This is what made us a hybrid. We could tank pretty well, and would do it, but our tanking buff was just as easily thrown on a warrior. Our goal was to be upfront, buffing people, dropping the strikes and throwing out the occasional heal. Our combat system used primarily instant strikes, which meant between them if we threw out a couple of heals we'd only lose the occasional auto attack, not miss out on the SoC proc that would drop a big hit on the mob.

We have an actual combat system now, what with Crusader Strike, Judgement/Seal, Consecrate, etc. It's not nearly as interactive as a Rogue or Warrior's but it requires enough interaction that we can't ignore it, and using GCDs in the middle of the fight will hurt your damage when you're trying to maximize it.

I believe two things come out of Beta that we need to reconsider - the combat system and the auras. All of this is probably too complex, but I think if it were at least considered on some level the era of the hybrid could return.

Regarding the combat system, if we could reduce the attention paid to our melee swings without reducing our damage, we can use some of our spare time to be hybrid-y. Waiting 8 seconds between your Holy Strikes? Throw a quick heal before your next Crusader Strike. Toss out a few seals to give the tank some breathing room.

People seem to want to be able to heal while fighting - you see the occasional request to make Vengeance improve healing, for SA to improve healing, etc. But we cannot divert attention away from our combat system without weakening our ability to fight, and thus to improve our hybrid abilities, I'd like to see a more simplified combat system, and an increase to the interactivity of buffing. Dropping blessings for a system not unlike the beta seal system would make for some interesting options, assuming you prevent micromanaging each Pally that way (I'm thinking 15 sec cooldown between casting a Seal, and/or 1 minute active seals that buff a group rather than a player).

Second, the reason some Paladins find it hard to get into the melee group in a raid and score the buffs that make our damage hurt (Windfury Totem, Leader of the Pack, Battle Shout, Trueshot Aura, etc) is that what we offer we can offer from any group. The 2% increased damage is a start, but no one will drop you in the group just for that. Our old aura system, where the only way that rogue gets his 200 AP bonus is if you're in his group, would've ensured it. These days Holy Prot and Ret are viable in raids, and it's hardly unheard of to have at least one of each in a run. Devo will be available to the tank, Holy can provide a mana regen aura and Ret could thus offer an AP boost to everyone. Making Auras more valuable would help us dictate our position in the raid, especially if we can spec to improve them based on our talent tree.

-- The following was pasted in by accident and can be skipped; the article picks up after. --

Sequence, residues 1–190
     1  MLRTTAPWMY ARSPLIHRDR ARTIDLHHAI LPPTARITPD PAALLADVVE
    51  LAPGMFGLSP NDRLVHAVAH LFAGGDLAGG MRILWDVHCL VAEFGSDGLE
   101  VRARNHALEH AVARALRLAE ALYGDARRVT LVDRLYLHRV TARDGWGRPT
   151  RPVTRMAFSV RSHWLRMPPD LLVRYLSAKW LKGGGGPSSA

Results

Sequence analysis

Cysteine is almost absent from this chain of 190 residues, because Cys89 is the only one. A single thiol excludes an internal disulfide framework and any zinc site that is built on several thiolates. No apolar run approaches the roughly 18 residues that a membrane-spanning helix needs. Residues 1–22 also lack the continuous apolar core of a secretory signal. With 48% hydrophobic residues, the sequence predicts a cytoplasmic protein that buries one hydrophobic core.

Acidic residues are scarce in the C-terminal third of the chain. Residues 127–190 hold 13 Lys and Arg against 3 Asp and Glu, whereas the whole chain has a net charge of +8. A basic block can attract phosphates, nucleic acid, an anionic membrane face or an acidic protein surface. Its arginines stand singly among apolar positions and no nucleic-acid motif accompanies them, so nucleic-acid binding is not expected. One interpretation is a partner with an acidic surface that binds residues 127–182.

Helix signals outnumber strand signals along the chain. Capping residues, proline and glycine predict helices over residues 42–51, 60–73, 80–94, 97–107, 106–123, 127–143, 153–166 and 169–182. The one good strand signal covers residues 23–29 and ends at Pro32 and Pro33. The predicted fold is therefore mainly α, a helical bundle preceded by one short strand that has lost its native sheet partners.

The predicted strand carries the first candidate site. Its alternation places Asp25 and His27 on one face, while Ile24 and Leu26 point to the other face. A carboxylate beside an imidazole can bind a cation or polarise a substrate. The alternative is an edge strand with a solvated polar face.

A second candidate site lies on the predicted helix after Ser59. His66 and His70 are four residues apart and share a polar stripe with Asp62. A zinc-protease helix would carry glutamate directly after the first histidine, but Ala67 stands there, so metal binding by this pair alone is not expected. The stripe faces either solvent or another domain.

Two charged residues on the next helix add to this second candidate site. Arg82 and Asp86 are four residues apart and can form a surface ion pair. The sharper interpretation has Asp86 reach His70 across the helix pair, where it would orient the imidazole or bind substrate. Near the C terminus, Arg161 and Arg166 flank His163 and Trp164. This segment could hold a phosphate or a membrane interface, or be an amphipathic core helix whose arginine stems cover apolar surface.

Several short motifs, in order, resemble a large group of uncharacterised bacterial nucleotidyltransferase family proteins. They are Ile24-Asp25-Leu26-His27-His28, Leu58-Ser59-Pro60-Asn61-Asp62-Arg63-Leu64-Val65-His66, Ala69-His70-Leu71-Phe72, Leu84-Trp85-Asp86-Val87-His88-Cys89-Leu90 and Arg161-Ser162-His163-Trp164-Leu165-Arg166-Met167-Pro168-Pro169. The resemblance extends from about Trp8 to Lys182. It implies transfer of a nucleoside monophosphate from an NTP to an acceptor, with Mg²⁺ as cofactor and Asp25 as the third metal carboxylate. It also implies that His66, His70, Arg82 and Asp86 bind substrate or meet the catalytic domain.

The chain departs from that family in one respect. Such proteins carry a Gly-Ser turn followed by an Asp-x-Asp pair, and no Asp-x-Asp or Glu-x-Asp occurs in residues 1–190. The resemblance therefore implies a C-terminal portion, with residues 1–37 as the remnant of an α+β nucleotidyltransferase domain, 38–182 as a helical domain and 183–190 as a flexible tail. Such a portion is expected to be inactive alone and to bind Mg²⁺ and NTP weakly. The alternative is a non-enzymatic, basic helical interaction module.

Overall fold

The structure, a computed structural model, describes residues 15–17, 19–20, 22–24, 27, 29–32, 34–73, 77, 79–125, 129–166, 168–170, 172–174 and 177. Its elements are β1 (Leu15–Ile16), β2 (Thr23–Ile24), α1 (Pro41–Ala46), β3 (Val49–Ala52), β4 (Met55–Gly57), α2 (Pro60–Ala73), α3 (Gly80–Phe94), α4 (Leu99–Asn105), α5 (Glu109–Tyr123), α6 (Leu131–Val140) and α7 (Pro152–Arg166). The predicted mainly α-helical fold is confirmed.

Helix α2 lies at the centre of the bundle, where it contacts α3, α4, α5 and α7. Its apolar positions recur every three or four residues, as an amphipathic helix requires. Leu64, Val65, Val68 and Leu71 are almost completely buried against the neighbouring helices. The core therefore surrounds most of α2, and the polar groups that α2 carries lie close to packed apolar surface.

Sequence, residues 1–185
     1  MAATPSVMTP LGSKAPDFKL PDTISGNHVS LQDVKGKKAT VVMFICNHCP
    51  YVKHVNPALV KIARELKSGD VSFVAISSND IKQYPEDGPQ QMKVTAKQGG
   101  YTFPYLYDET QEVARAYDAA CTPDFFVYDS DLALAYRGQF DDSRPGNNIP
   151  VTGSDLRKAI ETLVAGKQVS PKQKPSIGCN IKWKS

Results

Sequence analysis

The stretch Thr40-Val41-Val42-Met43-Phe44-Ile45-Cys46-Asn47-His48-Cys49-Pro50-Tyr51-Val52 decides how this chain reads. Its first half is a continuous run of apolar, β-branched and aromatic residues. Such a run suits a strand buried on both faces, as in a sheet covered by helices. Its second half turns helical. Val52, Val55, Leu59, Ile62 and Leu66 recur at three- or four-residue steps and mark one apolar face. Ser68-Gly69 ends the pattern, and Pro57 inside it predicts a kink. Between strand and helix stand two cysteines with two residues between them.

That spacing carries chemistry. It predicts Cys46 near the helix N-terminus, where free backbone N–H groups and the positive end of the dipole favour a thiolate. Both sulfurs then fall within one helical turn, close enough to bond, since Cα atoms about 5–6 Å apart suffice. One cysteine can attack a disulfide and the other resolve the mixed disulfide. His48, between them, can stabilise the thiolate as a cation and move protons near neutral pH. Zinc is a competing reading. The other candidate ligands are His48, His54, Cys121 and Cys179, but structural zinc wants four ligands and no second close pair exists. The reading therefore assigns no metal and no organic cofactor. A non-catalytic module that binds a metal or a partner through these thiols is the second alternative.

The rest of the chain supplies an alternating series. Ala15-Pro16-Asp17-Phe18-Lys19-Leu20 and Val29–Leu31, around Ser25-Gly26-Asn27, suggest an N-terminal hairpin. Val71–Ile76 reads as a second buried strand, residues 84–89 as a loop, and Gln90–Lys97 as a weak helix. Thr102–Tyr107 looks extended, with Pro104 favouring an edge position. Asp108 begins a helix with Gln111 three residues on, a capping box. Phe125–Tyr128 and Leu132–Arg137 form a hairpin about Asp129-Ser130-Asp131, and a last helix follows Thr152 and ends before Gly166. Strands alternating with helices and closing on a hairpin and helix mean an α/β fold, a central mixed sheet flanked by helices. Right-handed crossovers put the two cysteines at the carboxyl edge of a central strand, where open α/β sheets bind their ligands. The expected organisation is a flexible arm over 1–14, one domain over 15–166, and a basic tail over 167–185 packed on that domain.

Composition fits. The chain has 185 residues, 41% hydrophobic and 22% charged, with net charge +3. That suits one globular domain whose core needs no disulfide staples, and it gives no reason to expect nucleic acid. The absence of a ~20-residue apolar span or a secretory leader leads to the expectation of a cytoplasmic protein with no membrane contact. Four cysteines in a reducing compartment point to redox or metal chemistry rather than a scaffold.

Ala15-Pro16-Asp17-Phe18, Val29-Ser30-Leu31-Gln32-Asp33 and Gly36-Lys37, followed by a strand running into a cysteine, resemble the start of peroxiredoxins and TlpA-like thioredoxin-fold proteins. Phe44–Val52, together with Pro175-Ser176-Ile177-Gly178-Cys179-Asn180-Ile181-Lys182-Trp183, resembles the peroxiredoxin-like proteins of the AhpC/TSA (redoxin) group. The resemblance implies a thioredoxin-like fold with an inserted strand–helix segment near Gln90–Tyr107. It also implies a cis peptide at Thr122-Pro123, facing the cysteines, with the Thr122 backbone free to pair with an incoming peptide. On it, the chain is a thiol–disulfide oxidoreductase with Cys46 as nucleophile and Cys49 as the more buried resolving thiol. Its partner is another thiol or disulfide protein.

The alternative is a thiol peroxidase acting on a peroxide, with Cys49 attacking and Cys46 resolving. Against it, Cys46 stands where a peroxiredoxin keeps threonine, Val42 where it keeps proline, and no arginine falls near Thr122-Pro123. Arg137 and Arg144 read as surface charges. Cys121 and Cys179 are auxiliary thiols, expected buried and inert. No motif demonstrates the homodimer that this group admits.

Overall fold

I believe the advent of the Blessing system is what first chased us away from our original position. The combat system didn't help, but Blessings turned us into buffbots. While things are better now, with the advent of first 15 and now 30 minute greater blessings, it's still a turn away from the old, on-the-fly buffing system, and means our buffing is purely passive. Kings wore off, so recast. Salv wore off, so recast. Blah.

To condense my long post, I believe the following fundamental shift will create an interactive supporting class whose job is to be on the front lines, while improving the skills of everyone around them, the way a great leader should. And what, other than a great leader, should a Paladin be?

The change: simplified combat system retaining the equivalent damage currently available. Reduce reliance on auto attack and allow the Paladin to fill his time working on other tasks.

Eliminate Blessings and implement a new short-term buff system that allows a Paladin to toss out new buffs to a different group every 15-20 seconds, with some variety (increased mana regen, healing regen, increase threat, reduced threat, etc).

Improve Auras to the point that they dictate which group the Paladin should be in.

I believe if they could took a good hard look at Paladins and implement something along these lines, we can be a good old fashioned melee-focused hybrid with real group utility.